The CHDC has great supporters! In a email response to an anti-slaughter advocate, Agriculture Minister Gerry Ritz gives a clear foreshadowing of the path for horse slaughter traceability in Canada in the near future. Note the involvement of the Horse “Welfare” Alliance of Canada in this scheme…. Please feel free to discuss the subject matter of this letter with MP Ritz, the CFIA, Equine Canada and the HWAC. Please share – Thank You!
The email begins…
Thank you for your email concerning the new Trace Canada national livestock traceability database and its potential impact on Canada’s equine sector.
The Government of Canada, the provinces and territories, and the Canadian livestock industry recognize the benefits of a robust traceability system for the national livestock sector. An effective traceability system will strengthen our national disease management and emergency response capacity, support our ability to provide assurances about the high quality and safety of Canadian products, and help maintain and improve our presence in global export markets.
The Trace Canada database would not have been possible without significant industry and government collaboration at the Industry-Government Advisory Committee on traceability (IGAC). The IGAC includes representatives of national livestock and poultry industry associations, as well as federal and provincial government officials. Equine Canada and the Horse Welfare Alliance of Canada are members of the IGAC, and both have voiced their support for the Trace Canada database and their interest in using it.
The Canadian horse sector stands to benefit greatly from the development and implementation of this database. The sector will have access to a secure, multi-species database for livestock traceability information. Livestock sector organizations, including Equine Canada and the Horse Welfare Alliance of Canada, are working with Trace Canada to establish their traceability data requirements based on the business needs of industry. These requirements could include animal identification for individual horses, premises identification for horse farms and horse commingling sites, information about horse movements, and other value-added business information of interest to the horse industry.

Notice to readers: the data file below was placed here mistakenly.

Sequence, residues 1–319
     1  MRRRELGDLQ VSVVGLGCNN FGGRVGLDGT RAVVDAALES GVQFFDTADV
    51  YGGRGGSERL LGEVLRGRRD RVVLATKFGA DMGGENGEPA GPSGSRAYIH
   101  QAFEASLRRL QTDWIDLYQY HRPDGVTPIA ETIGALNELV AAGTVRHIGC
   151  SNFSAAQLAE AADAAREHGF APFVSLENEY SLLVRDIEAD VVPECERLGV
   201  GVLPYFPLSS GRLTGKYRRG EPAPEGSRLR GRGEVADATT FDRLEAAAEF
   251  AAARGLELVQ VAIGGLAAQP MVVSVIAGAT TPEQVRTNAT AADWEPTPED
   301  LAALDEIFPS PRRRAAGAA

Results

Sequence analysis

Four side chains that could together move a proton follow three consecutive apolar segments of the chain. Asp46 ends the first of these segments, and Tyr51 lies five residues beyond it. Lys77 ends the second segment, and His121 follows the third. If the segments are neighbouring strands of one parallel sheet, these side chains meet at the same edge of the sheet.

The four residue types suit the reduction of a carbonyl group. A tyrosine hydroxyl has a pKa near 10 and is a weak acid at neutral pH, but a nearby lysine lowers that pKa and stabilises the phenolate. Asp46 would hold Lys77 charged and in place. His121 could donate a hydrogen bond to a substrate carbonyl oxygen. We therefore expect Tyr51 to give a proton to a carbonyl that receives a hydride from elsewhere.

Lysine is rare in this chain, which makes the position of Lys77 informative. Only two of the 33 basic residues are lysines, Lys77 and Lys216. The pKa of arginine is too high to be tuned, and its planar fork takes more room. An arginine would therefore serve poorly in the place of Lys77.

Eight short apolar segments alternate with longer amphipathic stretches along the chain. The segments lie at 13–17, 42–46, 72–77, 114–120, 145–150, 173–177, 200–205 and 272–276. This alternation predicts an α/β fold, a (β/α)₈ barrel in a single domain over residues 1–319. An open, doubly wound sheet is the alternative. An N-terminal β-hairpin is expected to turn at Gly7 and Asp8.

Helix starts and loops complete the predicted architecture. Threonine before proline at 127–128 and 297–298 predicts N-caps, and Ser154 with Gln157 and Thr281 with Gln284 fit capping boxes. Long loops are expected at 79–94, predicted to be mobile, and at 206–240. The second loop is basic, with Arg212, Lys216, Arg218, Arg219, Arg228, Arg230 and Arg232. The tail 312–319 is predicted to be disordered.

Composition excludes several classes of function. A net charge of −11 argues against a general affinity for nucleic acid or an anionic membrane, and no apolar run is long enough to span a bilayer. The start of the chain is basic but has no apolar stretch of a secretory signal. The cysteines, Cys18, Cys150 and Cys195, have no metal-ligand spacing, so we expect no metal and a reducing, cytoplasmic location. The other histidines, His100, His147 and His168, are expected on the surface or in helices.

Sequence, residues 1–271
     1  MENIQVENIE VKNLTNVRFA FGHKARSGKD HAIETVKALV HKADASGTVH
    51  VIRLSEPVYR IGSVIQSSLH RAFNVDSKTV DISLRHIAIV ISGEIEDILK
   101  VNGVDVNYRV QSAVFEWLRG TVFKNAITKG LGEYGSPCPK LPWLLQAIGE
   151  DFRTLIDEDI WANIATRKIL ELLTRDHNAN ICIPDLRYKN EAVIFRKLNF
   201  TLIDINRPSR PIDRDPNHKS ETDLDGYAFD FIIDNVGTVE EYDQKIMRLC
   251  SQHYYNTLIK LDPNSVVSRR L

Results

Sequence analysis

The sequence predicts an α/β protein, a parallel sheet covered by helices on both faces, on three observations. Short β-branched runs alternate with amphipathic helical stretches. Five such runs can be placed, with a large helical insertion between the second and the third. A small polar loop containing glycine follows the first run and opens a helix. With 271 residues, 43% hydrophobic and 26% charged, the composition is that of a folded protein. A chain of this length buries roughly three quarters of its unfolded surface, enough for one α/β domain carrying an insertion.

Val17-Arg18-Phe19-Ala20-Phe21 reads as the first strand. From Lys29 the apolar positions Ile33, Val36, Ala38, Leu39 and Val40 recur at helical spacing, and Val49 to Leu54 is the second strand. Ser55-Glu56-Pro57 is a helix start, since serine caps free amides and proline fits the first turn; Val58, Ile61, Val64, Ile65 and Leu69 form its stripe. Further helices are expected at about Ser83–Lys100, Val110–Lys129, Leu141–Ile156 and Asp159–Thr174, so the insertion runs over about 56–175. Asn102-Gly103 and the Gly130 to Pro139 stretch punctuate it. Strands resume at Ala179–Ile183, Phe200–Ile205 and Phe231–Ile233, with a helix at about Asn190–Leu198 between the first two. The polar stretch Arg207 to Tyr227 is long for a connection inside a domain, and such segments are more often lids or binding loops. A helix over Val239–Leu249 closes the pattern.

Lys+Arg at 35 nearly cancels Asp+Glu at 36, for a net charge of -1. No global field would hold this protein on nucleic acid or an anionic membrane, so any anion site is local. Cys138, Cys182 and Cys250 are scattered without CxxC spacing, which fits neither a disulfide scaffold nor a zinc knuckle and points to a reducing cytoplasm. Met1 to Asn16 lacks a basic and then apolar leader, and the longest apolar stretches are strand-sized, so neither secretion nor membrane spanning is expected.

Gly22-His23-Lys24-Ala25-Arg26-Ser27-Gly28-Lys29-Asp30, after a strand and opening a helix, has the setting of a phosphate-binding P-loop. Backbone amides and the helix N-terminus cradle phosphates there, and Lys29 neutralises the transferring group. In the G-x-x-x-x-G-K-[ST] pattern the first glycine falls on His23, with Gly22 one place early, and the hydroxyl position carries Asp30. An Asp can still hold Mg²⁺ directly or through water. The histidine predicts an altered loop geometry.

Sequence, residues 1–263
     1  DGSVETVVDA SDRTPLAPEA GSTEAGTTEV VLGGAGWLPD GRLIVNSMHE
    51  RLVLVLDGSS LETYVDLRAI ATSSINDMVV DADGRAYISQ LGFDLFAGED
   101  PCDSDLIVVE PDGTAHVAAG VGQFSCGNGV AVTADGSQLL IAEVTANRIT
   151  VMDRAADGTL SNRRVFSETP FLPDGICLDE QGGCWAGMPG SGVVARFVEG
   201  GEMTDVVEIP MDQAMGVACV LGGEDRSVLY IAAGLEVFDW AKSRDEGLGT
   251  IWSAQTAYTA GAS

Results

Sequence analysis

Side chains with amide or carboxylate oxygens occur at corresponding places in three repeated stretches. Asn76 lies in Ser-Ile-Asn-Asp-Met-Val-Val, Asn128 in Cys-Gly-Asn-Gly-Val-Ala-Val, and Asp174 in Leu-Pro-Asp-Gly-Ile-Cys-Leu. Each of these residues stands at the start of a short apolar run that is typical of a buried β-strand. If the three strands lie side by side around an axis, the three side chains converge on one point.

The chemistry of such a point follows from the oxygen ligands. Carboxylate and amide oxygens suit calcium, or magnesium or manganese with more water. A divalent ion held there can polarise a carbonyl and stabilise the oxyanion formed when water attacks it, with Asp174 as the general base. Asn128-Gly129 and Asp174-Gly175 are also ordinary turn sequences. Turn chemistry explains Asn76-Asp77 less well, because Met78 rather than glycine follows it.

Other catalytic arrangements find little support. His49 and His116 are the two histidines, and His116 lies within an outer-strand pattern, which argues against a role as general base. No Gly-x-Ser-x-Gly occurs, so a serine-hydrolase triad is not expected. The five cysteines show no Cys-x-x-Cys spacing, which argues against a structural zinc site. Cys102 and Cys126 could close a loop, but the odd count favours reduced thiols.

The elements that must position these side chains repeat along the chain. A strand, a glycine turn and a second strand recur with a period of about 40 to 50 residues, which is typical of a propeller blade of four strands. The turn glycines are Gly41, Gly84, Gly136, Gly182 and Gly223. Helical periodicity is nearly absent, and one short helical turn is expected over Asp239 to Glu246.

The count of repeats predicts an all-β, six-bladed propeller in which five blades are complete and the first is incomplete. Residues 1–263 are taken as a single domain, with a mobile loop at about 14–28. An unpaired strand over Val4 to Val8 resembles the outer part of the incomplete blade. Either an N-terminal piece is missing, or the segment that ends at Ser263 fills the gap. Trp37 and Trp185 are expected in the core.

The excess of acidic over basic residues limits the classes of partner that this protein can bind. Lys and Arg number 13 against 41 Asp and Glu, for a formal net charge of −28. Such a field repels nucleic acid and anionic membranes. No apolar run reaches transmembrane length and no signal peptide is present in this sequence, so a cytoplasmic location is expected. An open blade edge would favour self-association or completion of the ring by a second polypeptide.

Horses are not being considered for traceability regulation by the Canadian Food Inspection Agency (CFIA) (Health of Animals Regulations). However, decisions about individual horse identification and traceability can be made by the horse industry. The choice of a voluntary identifier will depend on animal welfare concerns, ease of use, cost-effectiveness, industry capacity and interest. I encourage you to discuss your ideas and interest in horse traceability with your local and provincial equestrian organizations, Equine Canada and the Horse Welfare Alliance of Canada.
Agriculture and Agri-Food Canada and the CFIA will continue to work with industry, governments and Trace Canada as we prepare for the implementation of the national livestock traceability database.
I trust that this information will be useful to you. Again, thank you writing.
Gerry Ritz, PC, MP